Read a press release in Spanish from Costa Rica’s National System of Conservation Areas (SINAC).
Learn more about Panthera’s work in Costa Rica and other jaguar range states through the Jaguar Corridor Initiative.
Visit the Panthera Costa Rica website in Spanish.
Learn about the Felines in Costa Rican Archaeology: Past and Present exhibit held at the Pre-Columbian Gold Museum in San José, Costa Rica through September.
Mokoi, one of the Lion Guardians involved in the search and rescue, is shown here carrying the calf back to its owner
The Lion Guardians Program is the perfect model of having local people, in this case the Maasai warriors (or murrans), be the champions for conservation. Maasai are trained and employed by the program to monitor lions, and work with their own communities to prevent their peers from retaliatory and preemptive hunting of lions that is often a result of conflict arising from lions preying on livestock. A single cow has tremendous worth for the Maasai, and any loss can be detrimental to their livelihoods. Lion Guardians have become the powerful and effective spokespeople for lion conservation and are helping their own communities by informing them where lions are (to avoid conflict) and how to protect and corral livestock, they even go out into the bush to recover lost livestock which reduces the number that are killed by wild carnivores.
Case in point: recently a Maasai member reported to the Lion Guardians that one of his favorite, and heavily pregnant, cows had been lost in the bush. As this cow was particularly susceptible to an attack by local predators in her condition, the Lion Guardians immediately set out to locate the cow, spending the next several hours searching for her through dense vegetation. After spotting hyena tracks alongside cattle tracks and fearing the worst, the Lion Guardians were relieved to finally find the cow…and her newborn calf! (See photo above).
Not only were they able to recover this highly-prized cow and her calf, the Lion Guardians were able to convince the community not to retaliate and the conflict situation was avoided. Panthera is working with Dr. Leela Hazzah and her team to take the Lion Guardians model to scale to other sites and lion-range countries because it is a winning model. This is a story about relevant and actionable solutions, where people are employed to keep lions alive rather than kill them, and where middle ground in the battle between humans and lions has been delineated and preserved.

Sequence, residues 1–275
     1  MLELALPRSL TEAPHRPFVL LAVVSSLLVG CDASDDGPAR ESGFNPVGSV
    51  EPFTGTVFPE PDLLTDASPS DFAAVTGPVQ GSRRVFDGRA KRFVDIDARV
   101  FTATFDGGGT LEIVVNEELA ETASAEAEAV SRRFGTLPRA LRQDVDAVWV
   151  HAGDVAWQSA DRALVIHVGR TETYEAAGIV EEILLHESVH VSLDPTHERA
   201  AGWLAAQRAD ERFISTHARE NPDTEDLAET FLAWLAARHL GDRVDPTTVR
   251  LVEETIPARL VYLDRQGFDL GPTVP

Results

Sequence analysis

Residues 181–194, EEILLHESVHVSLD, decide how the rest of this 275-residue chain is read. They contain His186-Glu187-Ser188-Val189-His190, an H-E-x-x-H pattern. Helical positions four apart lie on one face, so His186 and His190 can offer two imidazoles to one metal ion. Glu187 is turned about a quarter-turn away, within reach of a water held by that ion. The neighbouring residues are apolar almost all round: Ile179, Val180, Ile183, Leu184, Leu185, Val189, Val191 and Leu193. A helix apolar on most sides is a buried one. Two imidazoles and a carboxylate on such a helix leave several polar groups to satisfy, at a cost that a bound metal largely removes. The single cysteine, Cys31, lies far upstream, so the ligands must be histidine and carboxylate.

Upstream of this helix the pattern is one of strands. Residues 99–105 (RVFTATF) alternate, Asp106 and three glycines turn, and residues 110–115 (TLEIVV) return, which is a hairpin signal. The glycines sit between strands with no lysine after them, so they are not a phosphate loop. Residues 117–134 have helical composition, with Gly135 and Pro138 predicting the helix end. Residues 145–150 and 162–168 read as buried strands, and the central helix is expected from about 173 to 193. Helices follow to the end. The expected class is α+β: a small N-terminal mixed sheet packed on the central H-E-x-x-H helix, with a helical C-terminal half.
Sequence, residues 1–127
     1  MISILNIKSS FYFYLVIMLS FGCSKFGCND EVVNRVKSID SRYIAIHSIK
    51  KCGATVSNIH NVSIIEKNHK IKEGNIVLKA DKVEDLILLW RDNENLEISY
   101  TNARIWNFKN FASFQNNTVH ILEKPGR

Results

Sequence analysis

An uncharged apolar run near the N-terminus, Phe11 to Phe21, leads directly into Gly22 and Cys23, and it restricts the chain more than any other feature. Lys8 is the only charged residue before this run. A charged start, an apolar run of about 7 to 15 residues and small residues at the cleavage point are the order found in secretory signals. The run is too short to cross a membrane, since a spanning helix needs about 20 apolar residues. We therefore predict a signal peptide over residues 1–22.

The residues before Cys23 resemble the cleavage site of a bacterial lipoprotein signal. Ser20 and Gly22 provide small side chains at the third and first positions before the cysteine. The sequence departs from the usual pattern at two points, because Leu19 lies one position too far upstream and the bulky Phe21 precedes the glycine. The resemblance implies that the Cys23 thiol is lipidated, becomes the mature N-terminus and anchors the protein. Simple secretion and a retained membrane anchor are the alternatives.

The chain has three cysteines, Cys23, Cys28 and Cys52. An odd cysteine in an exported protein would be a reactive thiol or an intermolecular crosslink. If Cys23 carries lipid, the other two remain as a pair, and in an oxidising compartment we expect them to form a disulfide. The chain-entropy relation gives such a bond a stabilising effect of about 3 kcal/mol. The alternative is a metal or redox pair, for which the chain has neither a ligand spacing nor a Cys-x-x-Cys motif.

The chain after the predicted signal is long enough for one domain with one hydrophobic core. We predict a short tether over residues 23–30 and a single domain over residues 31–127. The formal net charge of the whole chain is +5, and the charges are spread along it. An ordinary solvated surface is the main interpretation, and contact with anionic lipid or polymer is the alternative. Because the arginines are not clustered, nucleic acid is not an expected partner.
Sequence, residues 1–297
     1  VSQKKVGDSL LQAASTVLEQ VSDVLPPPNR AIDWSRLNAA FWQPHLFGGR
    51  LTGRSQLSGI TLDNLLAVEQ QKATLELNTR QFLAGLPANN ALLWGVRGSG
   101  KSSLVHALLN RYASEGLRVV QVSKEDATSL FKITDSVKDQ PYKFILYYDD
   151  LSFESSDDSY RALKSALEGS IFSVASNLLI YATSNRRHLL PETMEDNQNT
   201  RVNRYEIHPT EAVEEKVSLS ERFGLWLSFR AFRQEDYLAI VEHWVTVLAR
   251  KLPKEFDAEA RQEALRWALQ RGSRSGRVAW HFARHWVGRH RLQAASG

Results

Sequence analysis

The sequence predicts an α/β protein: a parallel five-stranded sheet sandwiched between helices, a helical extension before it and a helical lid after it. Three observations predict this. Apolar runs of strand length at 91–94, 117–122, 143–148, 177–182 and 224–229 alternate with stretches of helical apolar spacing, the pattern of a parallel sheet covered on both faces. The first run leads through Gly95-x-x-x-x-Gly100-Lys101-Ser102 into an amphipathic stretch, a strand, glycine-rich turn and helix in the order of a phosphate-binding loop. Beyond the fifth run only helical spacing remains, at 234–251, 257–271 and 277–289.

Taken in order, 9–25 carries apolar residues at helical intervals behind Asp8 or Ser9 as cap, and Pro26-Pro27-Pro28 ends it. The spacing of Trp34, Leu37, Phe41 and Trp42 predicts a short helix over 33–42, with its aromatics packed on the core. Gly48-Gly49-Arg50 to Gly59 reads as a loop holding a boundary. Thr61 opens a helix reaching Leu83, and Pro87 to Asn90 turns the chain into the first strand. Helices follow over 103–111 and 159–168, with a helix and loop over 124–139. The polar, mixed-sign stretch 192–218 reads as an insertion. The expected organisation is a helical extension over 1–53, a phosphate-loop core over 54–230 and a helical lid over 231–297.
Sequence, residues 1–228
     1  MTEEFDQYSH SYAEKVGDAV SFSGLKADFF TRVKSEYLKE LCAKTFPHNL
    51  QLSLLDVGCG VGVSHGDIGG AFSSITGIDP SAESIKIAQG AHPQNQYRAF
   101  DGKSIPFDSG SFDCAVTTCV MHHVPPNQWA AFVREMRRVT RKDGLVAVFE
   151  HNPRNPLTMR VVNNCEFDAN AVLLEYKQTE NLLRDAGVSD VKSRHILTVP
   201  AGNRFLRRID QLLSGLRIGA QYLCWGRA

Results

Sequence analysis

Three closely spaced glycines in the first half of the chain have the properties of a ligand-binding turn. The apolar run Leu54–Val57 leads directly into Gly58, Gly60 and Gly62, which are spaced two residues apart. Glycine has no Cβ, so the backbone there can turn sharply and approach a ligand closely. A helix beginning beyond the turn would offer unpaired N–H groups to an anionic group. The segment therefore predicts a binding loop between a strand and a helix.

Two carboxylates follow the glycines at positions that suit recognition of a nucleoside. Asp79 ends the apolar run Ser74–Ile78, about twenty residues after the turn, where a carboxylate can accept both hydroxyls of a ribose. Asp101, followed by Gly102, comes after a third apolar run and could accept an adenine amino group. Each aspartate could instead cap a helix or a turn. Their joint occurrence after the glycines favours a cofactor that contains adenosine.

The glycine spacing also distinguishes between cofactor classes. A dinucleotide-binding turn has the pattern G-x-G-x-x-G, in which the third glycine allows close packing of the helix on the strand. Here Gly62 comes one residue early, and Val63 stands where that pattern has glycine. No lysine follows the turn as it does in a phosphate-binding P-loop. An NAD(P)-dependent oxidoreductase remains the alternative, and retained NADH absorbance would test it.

Learn more about the Lion Guardians program.
Learn more about Panthera's Project Leonardo.
Today, as many as 400 snow leopards are believed to exist across the two northernmost provinces of Pakistan, and recently, scientists from the Norwegian University of Life Sciences and the Snow Leopard Foundation (SLF), whom Panthera partners with in the country, were lucky enough to capture two of these extremely elusive cats on camera. After retrieving digital images from camera traps set up in the Gilgit-Baltistan region of Pakistan, the researchers were amused to find a series of photos showing a snow leopard cub sniffing and then upending an SLF camera trap! While the movement of the camera trap during this snow leopard cub’s “inspection” left SLF’s scientists with photos of the sky, rather than passing wildlife, it also confirmed the presence of another snow leopard cub, pictured above, innocently watching its sibling playing with the camera trap.
Camera trap photos like these are what allow Panthera and our partners in the region, including the SLF, Snow Leopard Trust, the Wildlife Conservation Society, and the Norwegian University of Life Sciences, to assess the status of snow leopards living in Pakistan, and shape our collaborative conservation initiatives on behalf of these elusive cats. Today, through Panthera’s Snow Leopard Conservation Program, our field scientists are also working with our regional partners in Pakistan to survey snow leopard territory, assess the key threats facing the species and implement community-based conservation projects, such as livestock vaccination and insurance programs.
The snow leopard conservation work carried out in this area is particularly significant as this region of Pakistan, where the Hindu Kush and Karakorum mountain ranges merge, provides a corridor between Ladakh, India, and Kashmir, China, Central Asia and Afghanistan through which snow leopards can travel and breed. Panthera’s work to secure Pakistan’s Gilgit-Baltistan corridor and other corridors in the region will help to ensure the genetic diversity of the snow leopard, and its long-term survival.
Learn more about Panthera’s snow leopard conservation work in Pakistan.
Learn more about Panthera’s Snow Leopard Conservation Program.